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General Superintendence suggests condemnation of two bid rigging cases

Cases took plane in the cities of Jahu (SP) and Lages (SC)
published: Sep 02, 2014 10:00 AM last modified: May 02, 2016 06:00 PM

The General Superintendence of the Administrative Council for Economic Defense – CADE recommended, in two opinions published on 2 September 2014, the condemnation of nine companies for bid rigging. The cases involve the market of traffic surveillance radars in Jahu, in the state of São Paulo, and the market of building material in the city of Lages, in the state of Santa Catarina.

In the first administrative proceeding, no. 08012.008184/2011-90, six companies would have agreed the result in two public bids held in 2010 aiming the contracting of services of traffic support, signaling, monitoring, maintenance and supervision in the city of Jahu. CADE’s Superintendence verified that the price quotations and commercial proposals of the companies had several wording similarities and the same typing errors in two investigated bidding processes. These and other similarities, such as identical formatting of the qualification documents, indicate the conjoint development of proposals.

In the second administrative proceeding, no. 08012.006199/2009-07, three companies would have previously agreed their participation in a public procurement held in 2009 aiming the acquisition of painting and plumbing material to the municipal education system of the city of Lages. The General Superintendence verified that the companies presented proposals with identical formatting, with the same typing errors, and with regular price intervals.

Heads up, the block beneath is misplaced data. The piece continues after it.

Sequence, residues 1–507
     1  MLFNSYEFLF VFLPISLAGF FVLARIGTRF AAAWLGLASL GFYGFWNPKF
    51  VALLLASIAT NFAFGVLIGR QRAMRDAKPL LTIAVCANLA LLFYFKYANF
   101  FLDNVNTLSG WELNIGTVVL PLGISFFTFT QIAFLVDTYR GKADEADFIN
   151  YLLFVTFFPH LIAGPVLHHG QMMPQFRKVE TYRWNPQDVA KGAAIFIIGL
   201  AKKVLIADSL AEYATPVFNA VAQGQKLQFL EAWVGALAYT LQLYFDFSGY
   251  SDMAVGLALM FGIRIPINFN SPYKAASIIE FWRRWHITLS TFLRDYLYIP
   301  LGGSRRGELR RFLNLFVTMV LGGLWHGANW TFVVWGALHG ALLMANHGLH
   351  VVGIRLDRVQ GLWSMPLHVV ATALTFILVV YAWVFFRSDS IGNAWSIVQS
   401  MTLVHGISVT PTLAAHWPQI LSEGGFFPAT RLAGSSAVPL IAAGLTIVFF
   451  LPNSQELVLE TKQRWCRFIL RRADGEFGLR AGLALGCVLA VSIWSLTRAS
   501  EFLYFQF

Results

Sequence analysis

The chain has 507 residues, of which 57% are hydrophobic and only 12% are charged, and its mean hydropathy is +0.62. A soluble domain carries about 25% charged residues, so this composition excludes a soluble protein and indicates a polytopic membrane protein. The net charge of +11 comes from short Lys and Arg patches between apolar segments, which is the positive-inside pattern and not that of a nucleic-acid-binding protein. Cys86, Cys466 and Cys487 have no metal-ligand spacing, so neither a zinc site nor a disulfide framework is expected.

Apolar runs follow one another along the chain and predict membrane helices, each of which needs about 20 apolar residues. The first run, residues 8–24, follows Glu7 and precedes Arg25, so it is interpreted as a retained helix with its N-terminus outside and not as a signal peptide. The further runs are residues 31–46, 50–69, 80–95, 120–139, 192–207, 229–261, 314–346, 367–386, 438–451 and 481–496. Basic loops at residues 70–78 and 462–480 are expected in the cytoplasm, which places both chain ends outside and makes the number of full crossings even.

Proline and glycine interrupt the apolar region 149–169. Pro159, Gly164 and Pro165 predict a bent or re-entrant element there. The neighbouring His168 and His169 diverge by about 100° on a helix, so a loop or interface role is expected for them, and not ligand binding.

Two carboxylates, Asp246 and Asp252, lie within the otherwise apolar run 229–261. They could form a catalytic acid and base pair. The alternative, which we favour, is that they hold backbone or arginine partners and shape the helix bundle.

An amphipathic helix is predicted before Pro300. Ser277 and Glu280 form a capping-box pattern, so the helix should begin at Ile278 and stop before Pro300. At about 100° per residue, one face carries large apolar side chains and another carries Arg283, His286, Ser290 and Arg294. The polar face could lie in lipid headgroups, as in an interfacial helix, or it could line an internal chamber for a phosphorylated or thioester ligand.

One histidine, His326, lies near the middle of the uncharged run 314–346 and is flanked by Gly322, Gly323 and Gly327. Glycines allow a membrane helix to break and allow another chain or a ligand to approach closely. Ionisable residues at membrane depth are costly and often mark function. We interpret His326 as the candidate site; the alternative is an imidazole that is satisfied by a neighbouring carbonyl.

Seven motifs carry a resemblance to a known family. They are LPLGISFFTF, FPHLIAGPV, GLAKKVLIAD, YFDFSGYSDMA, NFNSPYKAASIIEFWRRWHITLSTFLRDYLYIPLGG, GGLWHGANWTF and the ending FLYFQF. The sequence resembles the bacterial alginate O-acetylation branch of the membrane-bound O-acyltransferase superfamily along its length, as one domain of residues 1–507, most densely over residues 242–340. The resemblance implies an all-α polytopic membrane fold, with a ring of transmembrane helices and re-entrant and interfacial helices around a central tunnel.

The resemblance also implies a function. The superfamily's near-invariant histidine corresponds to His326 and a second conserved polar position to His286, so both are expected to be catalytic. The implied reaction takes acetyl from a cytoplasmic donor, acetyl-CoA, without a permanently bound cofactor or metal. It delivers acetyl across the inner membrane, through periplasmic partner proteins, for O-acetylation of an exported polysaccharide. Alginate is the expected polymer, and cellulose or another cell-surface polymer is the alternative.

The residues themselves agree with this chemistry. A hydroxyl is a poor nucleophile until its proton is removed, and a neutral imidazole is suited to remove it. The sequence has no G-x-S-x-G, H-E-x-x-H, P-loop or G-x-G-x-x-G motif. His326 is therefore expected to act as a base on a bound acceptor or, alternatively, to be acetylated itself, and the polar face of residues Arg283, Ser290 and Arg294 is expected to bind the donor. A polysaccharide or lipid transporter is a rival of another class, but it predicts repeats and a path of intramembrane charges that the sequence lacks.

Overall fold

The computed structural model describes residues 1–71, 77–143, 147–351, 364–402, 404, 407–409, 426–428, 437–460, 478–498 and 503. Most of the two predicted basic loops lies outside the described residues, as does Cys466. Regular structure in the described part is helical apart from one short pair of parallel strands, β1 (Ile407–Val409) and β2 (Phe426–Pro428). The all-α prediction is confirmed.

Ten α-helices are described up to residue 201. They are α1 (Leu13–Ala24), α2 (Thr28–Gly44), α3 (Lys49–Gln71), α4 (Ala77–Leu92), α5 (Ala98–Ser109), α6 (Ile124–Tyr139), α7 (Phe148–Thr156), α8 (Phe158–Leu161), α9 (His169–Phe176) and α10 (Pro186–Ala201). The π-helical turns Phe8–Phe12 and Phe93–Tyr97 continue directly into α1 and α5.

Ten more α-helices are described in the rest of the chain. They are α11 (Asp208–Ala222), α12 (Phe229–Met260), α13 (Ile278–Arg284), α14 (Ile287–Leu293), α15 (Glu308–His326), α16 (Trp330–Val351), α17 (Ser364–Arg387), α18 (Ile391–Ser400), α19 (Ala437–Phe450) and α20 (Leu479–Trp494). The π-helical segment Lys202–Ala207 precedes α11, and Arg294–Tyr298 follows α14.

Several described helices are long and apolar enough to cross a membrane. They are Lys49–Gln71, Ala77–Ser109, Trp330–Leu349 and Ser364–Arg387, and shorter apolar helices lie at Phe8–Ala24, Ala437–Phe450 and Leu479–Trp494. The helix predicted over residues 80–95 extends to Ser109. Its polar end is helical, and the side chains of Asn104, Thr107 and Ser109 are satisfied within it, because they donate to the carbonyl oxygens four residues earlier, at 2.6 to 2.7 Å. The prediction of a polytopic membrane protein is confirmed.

In the two cases, the Superintendence also discovered that there was a friendly environment to conversations and information exchange among the charged parties, since it was proven that the companies had partners and representatives in common or with a family relationship among themselves. These behaviors are internationally recognized as bid rigging cartel indicatives, according to a study developed in 2009 by the Organization for Economic Co-operation and Development – OECD.

The cases are to be judged by CADE’s Tribunal. If condemned, the companies may pay a fine of 0,1% to 20% of their total turnover, besides other penalties established by law.